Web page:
A highlight of the festival, Leikeli47’s set took the energy up a notch. When we arrived, she had called several audience members up on stage to dance with her, including two UChicago students. The crowd, which had been calm for most of the day, was riotous during her set, mobbing the stage and dancing feverishly. She ended her set with wisdom, telling the Pitchfork crowd: “You wanna know the secret formula? Start and don’t stop. Your youth does not depend on your age. Your youth is your brilliance…your innovation. Whether you’re eight or eighty-eight, you can start.”


The day closed with Thom Yorke’s The Smile, who opened the set against a beautiful blue background with soaring reverb. Yorke switched instruments easily, languidly, smoke rising around him like a dream. Songs off The Smile’s latest album, A Light for Attracting Attention, bled into each other seamlessly. Whenever Yorke paused, often between songs (he seemed uncomfortable talking to crowds), a voice would rise up from the audience, crying out, “We love you, Thom!” This discomfort was reflected in the music itself. There was a quiet, controlled horror which pervaded the music’s every fiber, especially in the irregular and constantly changing time signatures. It brought to mind a monster that stays under your bed because it would rather not see what’s under the covers.


On Saturday, the rain brought with it downsides and upsides. The major downside was that part of the festival was canceled. Palm, Black Belt Eagle Scout, and the rest of the scheduled morning artists played their sets—beautiful, folky, unwinding stretches of music. And then nobody knew what was happening and people were huddled in the field—“away from the metal!” organizers said—and Snail Mail was canceled, inspiring some to take the Green Line home. When the festival started again, nobody knew, and Julia Jacklin played an intimate set to a small crowd.


What was the upside of the rain? The upside was that the rest of the afternoon was covered in a sort of hazy glow. It rained while Weyes Blood played. She looked angelic, draped in a long white dress. Behind her, a graphic of white stars sparkled. Accompanied by a twinkling instrumental, she called out to the crowd, “This is all for the indie culture.”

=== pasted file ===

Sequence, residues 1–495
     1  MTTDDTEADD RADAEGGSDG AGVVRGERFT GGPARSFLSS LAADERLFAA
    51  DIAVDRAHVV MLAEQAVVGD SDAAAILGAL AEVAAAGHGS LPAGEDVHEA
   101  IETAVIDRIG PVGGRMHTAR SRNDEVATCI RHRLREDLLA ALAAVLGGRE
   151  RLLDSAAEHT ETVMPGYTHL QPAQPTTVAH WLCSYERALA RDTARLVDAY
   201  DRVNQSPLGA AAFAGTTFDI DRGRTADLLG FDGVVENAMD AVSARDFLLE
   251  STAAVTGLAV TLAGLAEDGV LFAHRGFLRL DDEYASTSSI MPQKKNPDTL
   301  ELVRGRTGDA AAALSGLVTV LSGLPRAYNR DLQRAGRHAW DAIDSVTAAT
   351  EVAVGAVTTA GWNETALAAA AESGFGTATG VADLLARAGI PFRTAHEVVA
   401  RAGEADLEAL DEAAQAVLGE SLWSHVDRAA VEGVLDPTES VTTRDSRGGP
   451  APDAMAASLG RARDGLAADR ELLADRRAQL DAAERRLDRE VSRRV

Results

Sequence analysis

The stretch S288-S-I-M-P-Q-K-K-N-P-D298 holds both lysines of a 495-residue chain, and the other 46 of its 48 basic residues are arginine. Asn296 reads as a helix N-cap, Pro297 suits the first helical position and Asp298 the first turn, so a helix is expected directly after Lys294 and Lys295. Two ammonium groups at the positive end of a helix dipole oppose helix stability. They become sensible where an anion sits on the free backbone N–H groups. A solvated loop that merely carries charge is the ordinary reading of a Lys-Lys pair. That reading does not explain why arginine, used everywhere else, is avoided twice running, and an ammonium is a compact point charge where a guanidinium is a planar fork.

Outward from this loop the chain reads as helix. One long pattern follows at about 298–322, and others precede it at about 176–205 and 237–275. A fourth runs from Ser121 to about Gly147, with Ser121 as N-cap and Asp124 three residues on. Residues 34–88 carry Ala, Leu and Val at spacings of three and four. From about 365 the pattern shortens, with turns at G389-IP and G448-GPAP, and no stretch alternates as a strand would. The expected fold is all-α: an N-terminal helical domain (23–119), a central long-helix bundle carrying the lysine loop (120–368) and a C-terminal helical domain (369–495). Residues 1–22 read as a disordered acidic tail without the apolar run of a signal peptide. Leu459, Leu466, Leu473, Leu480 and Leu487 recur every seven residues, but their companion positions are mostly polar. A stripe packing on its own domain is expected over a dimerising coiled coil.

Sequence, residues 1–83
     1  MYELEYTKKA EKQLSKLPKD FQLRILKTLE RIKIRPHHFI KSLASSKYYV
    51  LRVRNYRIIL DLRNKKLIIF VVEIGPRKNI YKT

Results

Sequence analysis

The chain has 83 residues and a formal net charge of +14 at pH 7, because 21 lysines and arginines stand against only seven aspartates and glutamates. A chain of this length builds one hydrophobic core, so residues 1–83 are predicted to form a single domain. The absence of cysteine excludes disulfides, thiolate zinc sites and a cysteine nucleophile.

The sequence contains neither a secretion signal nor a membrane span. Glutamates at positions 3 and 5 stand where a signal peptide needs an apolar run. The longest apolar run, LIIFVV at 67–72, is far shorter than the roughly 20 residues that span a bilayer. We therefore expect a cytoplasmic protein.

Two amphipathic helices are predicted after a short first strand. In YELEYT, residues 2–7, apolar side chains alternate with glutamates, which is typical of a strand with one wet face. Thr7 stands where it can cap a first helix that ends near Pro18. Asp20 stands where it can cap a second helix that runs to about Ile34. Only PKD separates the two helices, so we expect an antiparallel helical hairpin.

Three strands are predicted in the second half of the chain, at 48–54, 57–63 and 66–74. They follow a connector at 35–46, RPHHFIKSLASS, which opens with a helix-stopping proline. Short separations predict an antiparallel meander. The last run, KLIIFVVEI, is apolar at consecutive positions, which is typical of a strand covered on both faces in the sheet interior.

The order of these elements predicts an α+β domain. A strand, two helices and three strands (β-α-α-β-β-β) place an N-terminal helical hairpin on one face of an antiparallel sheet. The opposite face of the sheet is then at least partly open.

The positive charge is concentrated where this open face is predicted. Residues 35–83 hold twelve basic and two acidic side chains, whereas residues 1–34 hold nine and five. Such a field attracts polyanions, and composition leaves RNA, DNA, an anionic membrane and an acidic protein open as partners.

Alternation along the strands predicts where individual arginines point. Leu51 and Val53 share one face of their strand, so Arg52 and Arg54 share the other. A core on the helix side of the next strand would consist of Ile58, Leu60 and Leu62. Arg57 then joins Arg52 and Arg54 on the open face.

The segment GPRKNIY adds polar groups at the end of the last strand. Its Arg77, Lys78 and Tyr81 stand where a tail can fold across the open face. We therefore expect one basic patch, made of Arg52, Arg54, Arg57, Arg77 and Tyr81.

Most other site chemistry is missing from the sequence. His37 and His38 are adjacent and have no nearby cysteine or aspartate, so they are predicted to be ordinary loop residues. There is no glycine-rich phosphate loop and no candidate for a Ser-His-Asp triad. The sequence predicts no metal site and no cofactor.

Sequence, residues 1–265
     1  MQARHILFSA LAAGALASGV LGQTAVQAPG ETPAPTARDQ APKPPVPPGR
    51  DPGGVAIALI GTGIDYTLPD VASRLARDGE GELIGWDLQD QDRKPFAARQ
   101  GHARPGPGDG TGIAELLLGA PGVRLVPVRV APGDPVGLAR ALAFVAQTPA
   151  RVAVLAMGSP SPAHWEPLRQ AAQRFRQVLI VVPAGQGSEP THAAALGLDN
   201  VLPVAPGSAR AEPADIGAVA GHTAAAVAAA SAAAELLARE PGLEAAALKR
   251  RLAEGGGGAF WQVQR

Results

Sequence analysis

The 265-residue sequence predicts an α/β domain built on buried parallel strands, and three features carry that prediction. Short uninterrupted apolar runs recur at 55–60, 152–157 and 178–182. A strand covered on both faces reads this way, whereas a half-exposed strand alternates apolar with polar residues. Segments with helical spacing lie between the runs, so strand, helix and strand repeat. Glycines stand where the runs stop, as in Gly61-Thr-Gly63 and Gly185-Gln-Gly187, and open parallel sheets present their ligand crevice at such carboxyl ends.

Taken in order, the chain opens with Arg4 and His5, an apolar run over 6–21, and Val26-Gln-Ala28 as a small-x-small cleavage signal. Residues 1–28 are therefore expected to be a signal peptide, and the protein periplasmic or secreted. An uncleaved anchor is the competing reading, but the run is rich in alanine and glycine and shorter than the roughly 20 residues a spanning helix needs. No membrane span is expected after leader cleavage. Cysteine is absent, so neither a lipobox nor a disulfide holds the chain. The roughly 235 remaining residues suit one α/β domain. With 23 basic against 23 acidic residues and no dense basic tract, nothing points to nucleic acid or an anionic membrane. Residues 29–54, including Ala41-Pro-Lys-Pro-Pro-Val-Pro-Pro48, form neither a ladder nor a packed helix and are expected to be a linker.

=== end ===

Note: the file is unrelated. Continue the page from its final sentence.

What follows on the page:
Nearby, a different sort of indie culture reigned at Charlotte Adigéry and Bolis Pupul, where the crowd pulsed to a blinding bass. The queen of her stage, Charlotte somehow simultaneously made every person in the crowd feel like her best friend. “Touring is super tough,” she said. “I had a dream I had to perform last night and I didn’t know the songs.” Her easy banter broke into a pitch-perfect rendition of “Haha” with storytelling that sucked the audience in. At the frenzied end of her set, she called out, “Let it go, your body knows what to do,” and the audience heeded her request.


Big Thief stole our eyes, our ears, and our hearts. Adrianne Lenker and company tucked the crowd into bed after a long, sometimes stressful Saturday. Nearly half of the group’s songs were unreleased, which created a sublimely focused experience. Their sentences oscillated between rest and revolution. Each thought would seem to complete itself comfortably until the following phrase elaborated it into a newly complete thought. “Shoulders” presented a particularly powerful example of this lyrical style: “They found you at the corner./ Your head was doubled over,/ and the blood of the man/ who killed my mother with his hands/ is in me, it’s in me, in my veins.” We didn’t know where we were being taken, yet we followed and were followed by the wealth of Big Thief’s words.


The canonical “day of rest” turned out to be perhaps the most energetic day of the festival. Georgia Ellery of Jockstrap tore it up on the electric violin, delivering a futuristic, striking set. Soul Glo played a raging rendition of “We Wants Revenge” with a handle of tequila nearby on stage.

Honorable mention: the crafts section, which had an impressive collection of vendors selling T-shirts, strawberry earrings, and snappy wallets, alongside a children’s play area.